Heidi Getz, Ph.D.

Welcome!

I’m a cognitive scientist who studies child language acquisition. My training is in linguistics, psychology, and neuroscience. I am currently a postdoc at the Center for Brain Plasticity and Recovery at Georgetown University.

Email: hrg2@georgetown.edu

In natural languages, closed class items (e.g., the) determine the structure of a sentence. With Elissa Newport, I am studying how language learners analyze these items. We have discovered that learning is biased: people treat closed class items as more likely than open class items to occur in a predictable context. Now, we are asking how this bias shapes learners' mental representations of language.

Getz & Newport, 2019, proceedings of Cog Sci; Getz & Newport, in prep

Every language has its own set of rules for how to form sentences. To learn those rules, children have to search for patterns in the sentences they hear. This project asks: What kinds of patterns do learners search for? How do they organize their knowledge of these patterns? And how does knowledge of patterns develop into hierarchically structured representations of language?

Getz & Lightfoot, in preparation; Getz, under review; Getz, 2019, Variable Properties in Language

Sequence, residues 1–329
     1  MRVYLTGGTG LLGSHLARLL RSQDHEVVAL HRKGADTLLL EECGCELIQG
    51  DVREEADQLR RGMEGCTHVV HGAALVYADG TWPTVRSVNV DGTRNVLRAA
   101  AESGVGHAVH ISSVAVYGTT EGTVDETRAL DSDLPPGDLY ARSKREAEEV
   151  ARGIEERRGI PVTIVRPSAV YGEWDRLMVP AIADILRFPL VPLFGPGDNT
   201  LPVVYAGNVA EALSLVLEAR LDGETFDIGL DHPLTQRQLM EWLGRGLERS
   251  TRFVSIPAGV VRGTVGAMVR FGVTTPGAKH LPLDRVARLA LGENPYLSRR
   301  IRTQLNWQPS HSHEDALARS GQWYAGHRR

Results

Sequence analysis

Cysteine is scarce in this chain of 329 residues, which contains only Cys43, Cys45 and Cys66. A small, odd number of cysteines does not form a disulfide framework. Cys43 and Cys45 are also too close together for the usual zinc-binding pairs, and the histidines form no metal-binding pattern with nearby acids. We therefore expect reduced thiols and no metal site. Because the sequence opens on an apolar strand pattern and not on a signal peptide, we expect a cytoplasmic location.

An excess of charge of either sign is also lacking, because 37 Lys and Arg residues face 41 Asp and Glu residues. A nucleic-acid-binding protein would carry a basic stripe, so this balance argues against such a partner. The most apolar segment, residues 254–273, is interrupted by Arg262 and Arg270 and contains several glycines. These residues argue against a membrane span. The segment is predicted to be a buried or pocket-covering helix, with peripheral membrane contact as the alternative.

A mystery in language acquisition is how children acquire language despite the Poverty of the Stimulus. For example, certain aspects of grammar, like wanna, have seemed impossible to learn from the input. But I have argued that the input may appear impoverished only because we are looking at the learning problem from a single perspective. There may not be enough input for a specific learning approach to work, but if we think creatively, we might find another approach for which input actually is adequate—as I did for wanna.

Getz, 2019, Language Acquisition (link)

This work focuses on neural entrainment to the phrases of language. We asked how this brain response emerges as people learn the phrase structure of a miniature language.

Getz, Ding, Newport, & Poeppel, 2018, Cognition (link)

Before grad school, I worked at the Center for Aphasia Research and Rehabilitation. In some of our work, we studied phonological alexia, a reading disorder marked by the ability to read content words but not function words (e.g. patients can read hat but not that).

Getz, Snider, Brennan & Friedman, 2016, Neuropsychological Rehabilitation; Meyer, Getz, Snider, Sullivan, Long, Turner, & Friedman, 2016, Aphasiology
Header image: “Georgetown University Panorama” by Mariordo (Mario Roberto Durán Ortiz) (Own work) [CC BY-SA 3.0 (https://creativecommons.org/licenses/by-sa/3.0)], via Wikimedia Commons